Author(s): DiLillo DJ, Horikawa M, Tedder TF
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Abstract B-lymphocytes have traditionally been thought to contribute to immunity and autoimmune disease through terminal differentiation into plasma cells that secrete antibody. However, studies in mice and recent clinical studies have demonstrated that genetically altered B-cell function and B-cell-targeted therapies can significantly affect autoimmune diseases that were predominantly thought to be T-cell-mediated. B-cell depletion in mouse models of disease has also led to the identification of alternative B-cell effector functions that regulate normal immune responses and autoimmune disease. This review highlights multiple B-cell effector mechanisms, including the promotion of cellular immunity, the negative regulation of immune responses, and the production of pathogenic antibodies.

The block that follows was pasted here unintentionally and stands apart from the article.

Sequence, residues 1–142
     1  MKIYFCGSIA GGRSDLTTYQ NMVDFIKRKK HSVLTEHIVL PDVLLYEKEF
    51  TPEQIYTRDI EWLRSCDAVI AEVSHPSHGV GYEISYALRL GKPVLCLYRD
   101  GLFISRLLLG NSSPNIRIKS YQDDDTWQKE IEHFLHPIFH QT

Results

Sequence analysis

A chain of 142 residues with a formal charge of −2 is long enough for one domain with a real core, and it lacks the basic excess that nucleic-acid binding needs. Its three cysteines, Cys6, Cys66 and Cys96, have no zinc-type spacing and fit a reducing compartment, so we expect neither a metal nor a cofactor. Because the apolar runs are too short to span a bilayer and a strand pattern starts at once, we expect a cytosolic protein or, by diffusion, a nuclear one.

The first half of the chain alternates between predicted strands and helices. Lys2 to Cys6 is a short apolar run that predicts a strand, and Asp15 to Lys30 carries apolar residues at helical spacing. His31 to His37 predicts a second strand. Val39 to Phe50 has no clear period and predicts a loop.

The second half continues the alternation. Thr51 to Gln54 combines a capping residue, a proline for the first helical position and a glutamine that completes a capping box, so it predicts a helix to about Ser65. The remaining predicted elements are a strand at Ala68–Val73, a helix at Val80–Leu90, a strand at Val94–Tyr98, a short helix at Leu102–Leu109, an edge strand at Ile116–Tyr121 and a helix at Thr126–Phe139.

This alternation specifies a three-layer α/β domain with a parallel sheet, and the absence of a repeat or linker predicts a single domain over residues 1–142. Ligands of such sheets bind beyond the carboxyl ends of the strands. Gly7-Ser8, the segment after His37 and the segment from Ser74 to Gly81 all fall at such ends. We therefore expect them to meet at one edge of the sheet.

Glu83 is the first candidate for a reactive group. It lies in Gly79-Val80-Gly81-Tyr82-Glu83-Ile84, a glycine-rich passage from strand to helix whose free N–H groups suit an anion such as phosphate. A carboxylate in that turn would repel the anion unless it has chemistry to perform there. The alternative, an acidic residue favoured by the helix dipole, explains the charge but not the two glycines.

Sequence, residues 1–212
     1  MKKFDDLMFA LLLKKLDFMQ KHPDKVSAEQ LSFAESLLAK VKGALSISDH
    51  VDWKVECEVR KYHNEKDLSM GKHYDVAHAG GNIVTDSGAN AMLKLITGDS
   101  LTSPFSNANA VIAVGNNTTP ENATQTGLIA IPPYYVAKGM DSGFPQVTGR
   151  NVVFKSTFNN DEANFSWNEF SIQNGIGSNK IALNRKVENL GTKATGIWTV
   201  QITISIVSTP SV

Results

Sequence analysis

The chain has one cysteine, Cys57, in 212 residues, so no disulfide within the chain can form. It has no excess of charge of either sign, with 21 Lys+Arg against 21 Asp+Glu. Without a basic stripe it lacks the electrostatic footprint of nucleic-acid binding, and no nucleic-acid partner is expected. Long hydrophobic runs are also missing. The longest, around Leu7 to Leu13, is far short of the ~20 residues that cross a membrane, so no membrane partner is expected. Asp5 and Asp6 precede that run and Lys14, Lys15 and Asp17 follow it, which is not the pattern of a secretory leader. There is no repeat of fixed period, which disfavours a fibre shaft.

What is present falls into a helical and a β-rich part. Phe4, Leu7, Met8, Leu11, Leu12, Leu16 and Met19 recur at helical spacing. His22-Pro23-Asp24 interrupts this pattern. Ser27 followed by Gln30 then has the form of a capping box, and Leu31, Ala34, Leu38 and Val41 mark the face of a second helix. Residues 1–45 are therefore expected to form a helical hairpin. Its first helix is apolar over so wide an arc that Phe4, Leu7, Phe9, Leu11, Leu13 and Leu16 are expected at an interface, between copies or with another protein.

This article was published in Immunol Res
and referenced in Pharmaceutica Analytica Acta